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An IR View: Supporting nonpartisan elections, vape ban and fighting fraud

An IR View: Supporting nonpartisan elections, vape ban and fighting fraud

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America is becoming increasingly polarized by partisan politics, but it doesn’t have to be that way in Lewis and Clark County.

Currently, anyone running for the position of county commissioner, county attorney, sheriff/coroner, county superintendent of schools, district court clerk, and treasurer/clerk and recorder must declare their party affiliation when registering as a candidate. However, Lewis and Clark County voters now have an opportunity to demonstrate that they don’t need political parties to tell them what to think.

The ballots being mailed Wednesday will ask voters whether to make these county elections nonpartisan, which is something that should have been done long ago.

Our political parties are becoming less about serving the greater good and more about scoring political points at all costs, and it’s time to return the power to the people.

As a reminder, Helena voters will also be electing two city commissioners and a municipal judge this fall. East Helena voters will be electing two city commissioners.

Ballots must be returned by Election Day Nov. 5.

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Gov. Steve Bullock recently announced Montana will implement a 120-day ban on the sale of flavored vaping products, which is a wise move. 

Throughout the nation, vaping has recently been linked to more than 1,000 cases of severe lung disease and 21 deaths. However, authorities have not yet determined which products or chemicals are causing the problem.

Until that happens, it’s important for government officials to do what they can to keep vaping products away from children.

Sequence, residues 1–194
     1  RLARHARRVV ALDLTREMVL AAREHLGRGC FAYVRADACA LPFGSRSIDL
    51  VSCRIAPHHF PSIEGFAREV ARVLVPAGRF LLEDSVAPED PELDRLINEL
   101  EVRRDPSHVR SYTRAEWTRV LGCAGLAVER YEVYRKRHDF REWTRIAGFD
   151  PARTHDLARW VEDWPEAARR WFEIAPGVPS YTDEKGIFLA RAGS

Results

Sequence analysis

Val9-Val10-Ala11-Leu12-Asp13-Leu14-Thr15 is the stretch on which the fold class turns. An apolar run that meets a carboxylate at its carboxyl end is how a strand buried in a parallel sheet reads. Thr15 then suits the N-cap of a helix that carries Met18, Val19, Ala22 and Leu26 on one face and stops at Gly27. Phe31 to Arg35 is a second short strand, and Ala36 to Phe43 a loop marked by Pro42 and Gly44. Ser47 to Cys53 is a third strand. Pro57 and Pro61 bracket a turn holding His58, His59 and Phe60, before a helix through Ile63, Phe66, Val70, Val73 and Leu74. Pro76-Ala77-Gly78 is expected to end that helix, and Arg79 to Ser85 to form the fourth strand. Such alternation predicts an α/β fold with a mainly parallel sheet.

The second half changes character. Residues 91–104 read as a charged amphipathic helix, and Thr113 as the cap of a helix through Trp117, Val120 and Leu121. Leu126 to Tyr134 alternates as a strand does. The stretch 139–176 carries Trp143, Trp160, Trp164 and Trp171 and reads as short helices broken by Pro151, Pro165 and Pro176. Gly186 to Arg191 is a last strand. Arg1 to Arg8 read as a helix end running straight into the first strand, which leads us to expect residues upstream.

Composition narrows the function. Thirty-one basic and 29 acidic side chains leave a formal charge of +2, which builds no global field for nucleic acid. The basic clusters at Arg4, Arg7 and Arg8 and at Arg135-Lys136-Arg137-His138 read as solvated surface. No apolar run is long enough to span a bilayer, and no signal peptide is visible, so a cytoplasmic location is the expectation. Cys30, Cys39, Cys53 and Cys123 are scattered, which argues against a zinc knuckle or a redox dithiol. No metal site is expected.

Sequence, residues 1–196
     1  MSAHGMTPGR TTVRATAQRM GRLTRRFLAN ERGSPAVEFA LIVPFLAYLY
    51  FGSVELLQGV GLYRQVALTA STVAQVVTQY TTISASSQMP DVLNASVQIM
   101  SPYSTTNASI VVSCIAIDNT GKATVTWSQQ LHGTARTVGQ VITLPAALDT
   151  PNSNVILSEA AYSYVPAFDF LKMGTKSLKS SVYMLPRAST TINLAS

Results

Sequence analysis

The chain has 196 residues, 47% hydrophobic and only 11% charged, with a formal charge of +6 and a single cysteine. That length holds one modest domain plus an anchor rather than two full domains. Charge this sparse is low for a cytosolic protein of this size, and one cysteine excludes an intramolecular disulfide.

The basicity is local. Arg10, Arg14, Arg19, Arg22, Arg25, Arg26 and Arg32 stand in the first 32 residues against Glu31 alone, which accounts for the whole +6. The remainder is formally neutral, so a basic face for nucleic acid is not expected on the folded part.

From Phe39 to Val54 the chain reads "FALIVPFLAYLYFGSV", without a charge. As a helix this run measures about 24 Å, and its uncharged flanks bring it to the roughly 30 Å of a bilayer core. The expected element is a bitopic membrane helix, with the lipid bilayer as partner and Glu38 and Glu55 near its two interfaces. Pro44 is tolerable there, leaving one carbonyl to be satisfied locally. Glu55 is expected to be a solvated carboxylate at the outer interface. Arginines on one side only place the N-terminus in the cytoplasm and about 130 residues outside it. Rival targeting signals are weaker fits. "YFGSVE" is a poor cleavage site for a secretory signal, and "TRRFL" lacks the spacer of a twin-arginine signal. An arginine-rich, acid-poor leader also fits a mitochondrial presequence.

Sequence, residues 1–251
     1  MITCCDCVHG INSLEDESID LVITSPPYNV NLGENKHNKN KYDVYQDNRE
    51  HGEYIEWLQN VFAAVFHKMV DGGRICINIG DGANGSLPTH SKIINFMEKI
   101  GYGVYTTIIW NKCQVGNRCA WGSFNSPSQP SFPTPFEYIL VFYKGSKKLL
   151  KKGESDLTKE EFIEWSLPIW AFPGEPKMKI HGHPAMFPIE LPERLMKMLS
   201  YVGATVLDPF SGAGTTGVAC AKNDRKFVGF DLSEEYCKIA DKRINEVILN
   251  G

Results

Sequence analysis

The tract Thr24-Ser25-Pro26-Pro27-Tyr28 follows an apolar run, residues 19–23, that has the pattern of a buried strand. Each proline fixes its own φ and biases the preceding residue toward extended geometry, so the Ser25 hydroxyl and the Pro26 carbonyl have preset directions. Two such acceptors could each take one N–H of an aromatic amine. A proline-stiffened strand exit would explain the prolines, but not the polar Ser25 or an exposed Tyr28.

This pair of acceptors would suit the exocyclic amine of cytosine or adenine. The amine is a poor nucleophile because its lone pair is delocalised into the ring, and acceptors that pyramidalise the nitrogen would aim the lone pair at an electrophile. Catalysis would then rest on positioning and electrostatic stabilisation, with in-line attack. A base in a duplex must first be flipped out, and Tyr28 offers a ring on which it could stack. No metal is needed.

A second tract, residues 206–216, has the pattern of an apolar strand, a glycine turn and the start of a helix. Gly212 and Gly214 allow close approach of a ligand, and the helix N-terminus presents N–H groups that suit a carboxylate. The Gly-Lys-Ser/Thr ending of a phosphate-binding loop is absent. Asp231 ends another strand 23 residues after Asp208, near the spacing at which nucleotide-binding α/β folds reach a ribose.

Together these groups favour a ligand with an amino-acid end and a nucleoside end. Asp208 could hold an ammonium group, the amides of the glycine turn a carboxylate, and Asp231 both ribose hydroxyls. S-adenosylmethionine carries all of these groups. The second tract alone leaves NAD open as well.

While this will undoubtedly hurt many businesses that rely on vape sales, our state cannot continue to gamble with our children’s health by keeping these products on the shelves.

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The Montana State Auditor’s Office has demonstrated that it takes fraud seriously, which is good news for Montana consumers and bad news for those trying to scam them.

Through a case filed by the previous auditor’s office and continued under the current administration, the state came to a $284,500 settlement with call centers, insurance companies and individuals who used fraudulent sales tactics to sell insurance policies to Montanans from 2012 to 2016.

The auditor’s office sent letters to 3,645 potentially affected Montanans, who must respond by Nov. 9 to be eligible for restitution payments.

Entities that paid into the restitution fund are HCC Life Insurance Company and HCC Medical Insurance Services, United Life Insurance, Starr Indemnity and Liability Company, Coverage One Insurance Group, Western Heritage Insurance Marketing Group and Lisa D. Gonzales, Michael C. Tobias, Quick Quote US and Michael S. Hilf, National Foundation Life Insurance Co., Health Benefits One and Matthew E. Spiewalk, Danielle Bretti, Michael K. Borchers, and Terry M. Alvarado.

Thank you to the auditor’s office for sticking up for Montanans and exposing the dishonest practices of these entities.

This is the opinion of the Independent Record editorial board. 



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